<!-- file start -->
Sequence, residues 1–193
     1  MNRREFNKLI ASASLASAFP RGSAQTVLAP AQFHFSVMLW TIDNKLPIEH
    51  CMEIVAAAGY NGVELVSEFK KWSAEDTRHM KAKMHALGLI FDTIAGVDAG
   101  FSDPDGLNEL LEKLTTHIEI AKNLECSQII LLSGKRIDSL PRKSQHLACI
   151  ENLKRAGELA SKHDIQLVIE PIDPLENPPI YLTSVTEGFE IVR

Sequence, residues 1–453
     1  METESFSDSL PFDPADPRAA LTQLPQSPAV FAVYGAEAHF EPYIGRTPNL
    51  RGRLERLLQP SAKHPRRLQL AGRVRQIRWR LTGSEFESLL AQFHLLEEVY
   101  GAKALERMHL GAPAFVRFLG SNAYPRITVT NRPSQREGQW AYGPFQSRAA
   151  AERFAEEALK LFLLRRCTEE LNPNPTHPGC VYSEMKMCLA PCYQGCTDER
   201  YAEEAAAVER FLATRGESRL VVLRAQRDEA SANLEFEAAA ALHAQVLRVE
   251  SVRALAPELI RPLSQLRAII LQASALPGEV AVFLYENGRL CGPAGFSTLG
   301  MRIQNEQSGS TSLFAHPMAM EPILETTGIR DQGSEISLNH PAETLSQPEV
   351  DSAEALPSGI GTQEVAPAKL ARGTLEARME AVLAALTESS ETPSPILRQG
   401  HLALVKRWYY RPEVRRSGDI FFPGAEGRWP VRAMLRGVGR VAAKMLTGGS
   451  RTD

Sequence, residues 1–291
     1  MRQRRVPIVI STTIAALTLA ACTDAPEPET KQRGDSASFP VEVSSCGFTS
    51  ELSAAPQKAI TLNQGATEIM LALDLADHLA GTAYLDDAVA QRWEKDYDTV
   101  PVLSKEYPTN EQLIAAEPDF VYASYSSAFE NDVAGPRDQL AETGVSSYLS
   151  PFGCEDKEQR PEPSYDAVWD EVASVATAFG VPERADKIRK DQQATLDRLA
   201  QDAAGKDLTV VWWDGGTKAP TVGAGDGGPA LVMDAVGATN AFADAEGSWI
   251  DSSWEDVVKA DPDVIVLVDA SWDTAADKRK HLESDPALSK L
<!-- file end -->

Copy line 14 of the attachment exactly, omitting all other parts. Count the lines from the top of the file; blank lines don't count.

   351  DSAEALPSGI GTQEVAPAKL ARGTLEARME AVLAALTESS ETPSPILRQG